• Assassin Outclassin': Clouseau has survived sixteen assassination attempts by the start of the movie. That actually sounds like they're undercounting, as they only counted two assassination attempts by Dreyfus, who has tried to kill him more than once in each of three different movies.
  • But for Me, It Was Tuesday: Invoked when Cato points out that it’s normal for someone to try and kill Clouseau, and later by Clouseau when he assures Simone, who is shaking after her recent encounter with Douvier’s hired killers, that death loses its sting when a person has faced as many killers as he has; the only thing that makes this particular attempt on Clouseau’s life stand out is that the attempted murderer thought they’d succeeded.
  • The Caper: Clouseau attempts one worthy (in the planning, though not the execution, which he bungles in his usual manner) of Mission: Impossible to unravel the "Gannet Transaction". He arranges for Douvier's agent to think that he's the buyer so that he will take him to the Gannet, while Simone pretends to be Douvier's agent to the real buyer to buy time.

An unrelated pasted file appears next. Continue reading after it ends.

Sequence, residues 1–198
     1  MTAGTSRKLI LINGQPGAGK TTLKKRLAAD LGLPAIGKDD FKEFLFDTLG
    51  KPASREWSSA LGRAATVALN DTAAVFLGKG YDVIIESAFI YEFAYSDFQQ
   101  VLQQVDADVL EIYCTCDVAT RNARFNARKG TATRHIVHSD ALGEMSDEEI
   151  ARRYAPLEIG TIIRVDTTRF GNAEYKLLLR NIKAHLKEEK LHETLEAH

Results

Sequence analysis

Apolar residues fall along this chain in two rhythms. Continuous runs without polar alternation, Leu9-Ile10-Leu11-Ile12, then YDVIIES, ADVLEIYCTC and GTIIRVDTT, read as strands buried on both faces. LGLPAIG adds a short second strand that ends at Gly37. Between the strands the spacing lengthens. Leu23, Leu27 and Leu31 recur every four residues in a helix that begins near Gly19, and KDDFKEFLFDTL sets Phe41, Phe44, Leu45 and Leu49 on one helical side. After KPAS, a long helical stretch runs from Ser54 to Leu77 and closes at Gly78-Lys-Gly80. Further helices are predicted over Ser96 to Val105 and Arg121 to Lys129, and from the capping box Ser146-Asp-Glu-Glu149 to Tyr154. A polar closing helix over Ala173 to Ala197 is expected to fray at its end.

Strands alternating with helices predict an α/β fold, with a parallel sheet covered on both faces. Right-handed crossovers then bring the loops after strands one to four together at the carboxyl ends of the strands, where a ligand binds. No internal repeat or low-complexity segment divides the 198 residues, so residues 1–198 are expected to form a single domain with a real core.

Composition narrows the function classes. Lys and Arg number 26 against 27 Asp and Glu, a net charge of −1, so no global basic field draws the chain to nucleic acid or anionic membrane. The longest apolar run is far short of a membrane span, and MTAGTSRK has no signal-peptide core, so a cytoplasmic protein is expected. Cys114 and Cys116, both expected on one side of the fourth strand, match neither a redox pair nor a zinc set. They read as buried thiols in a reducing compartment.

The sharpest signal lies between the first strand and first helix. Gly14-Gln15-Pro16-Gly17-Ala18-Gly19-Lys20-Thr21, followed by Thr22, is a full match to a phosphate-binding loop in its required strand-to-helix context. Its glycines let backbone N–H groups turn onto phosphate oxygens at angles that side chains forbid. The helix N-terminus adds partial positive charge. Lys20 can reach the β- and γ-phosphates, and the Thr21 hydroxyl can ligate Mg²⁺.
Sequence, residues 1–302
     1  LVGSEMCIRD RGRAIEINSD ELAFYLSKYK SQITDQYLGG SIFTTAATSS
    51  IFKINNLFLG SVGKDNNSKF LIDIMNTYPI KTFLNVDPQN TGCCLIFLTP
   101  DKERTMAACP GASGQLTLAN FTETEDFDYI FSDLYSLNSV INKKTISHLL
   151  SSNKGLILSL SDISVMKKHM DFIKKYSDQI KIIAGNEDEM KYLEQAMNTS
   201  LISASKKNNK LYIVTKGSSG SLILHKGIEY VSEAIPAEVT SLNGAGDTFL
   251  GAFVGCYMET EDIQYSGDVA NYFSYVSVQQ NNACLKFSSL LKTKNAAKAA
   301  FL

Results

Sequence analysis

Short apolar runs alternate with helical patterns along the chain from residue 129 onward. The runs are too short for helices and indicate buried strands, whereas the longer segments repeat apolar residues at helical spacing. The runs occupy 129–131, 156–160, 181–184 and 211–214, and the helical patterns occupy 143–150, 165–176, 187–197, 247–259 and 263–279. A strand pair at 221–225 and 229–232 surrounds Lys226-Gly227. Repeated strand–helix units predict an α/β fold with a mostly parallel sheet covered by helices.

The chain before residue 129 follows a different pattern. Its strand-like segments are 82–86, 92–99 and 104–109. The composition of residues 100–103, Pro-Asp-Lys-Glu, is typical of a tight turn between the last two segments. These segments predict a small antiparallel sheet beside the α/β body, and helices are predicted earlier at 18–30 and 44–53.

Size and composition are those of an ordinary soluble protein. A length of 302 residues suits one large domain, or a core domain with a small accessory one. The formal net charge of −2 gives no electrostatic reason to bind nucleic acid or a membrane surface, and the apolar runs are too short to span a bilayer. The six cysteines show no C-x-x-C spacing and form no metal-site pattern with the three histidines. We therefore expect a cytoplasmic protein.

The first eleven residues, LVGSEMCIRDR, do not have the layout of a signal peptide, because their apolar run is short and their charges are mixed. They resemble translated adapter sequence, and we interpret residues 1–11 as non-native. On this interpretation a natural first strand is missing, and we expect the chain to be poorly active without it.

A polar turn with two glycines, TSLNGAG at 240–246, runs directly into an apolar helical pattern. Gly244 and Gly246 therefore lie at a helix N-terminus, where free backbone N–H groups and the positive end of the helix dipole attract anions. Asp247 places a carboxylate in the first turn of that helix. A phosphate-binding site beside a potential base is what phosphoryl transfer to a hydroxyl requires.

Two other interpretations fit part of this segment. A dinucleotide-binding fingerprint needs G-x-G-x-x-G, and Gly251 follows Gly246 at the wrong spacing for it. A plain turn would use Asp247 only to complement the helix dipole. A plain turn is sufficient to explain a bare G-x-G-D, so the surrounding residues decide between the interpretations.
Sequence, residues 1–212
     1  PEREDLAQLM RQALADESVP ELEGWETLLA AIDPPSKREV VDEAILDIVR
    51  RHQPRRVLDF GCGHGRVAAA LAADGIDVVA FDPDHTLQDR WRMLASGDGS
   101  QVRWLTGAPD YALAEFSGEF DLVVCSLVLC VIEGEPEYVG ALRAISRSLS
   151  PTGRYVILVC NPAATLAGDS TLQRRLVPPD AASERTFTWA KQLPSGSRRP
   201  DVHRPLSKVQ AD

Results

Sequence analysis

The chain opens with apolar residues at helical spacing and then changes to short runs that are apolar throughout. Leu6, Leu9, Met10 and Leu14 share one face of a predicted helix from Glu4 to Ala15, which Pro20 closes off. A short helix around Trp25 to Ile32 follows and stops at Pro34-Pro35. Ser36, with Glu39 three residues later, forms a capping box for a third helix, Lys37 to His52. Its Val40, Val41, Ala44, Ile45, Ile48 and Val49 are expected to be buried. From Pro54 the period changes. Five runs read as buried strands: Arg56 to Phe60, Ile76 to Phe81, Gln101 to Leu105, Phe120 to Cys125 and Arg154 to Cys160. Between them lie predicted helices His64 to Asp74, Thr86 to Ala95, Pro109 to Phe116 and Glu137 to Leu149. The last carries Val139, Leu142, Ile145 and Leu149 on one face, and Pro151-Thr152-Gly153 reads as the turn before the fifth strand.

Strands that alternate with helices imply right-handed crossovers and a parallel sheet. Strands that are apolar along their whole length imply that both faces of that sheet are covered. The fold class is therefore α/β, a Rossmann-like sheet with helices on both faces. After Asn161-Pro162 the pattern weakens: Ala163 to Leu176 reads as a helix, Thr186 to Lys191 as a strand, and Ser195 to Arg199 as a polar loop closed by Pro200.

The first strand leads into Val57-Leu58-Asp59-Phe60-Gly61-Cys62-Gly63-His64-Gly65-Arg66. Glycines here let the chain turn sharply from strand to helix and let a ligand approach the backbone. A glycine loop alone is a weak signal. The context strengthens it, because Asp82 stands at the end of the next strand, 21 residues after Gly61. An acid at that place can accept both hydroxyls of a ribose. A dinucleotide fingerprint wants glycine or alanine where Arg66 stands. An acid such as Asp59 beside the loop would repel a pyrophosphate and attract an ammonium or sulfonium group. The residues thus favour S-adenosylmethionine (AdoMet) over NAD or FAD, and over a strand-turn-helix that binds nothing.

• Circling Saw: After Clouseau thinks he's beaten Cato, he hears the sound of the saw. He takes a moment to check his breathing before finally looking down just in time to see that Cato has sawed through the floor, and he plummets to the suite below, into a tub of plaster. The ladder and saw turned out to be due to the downstairs apartment being renovated, at least until the pair have destroyed it in their fight.
  • Cool Car: Clouseau has "The Silver Hornet" that is intended as this, but it's "overdue for its service" and only falls apart on him. The paint job is also spectacularly tacky.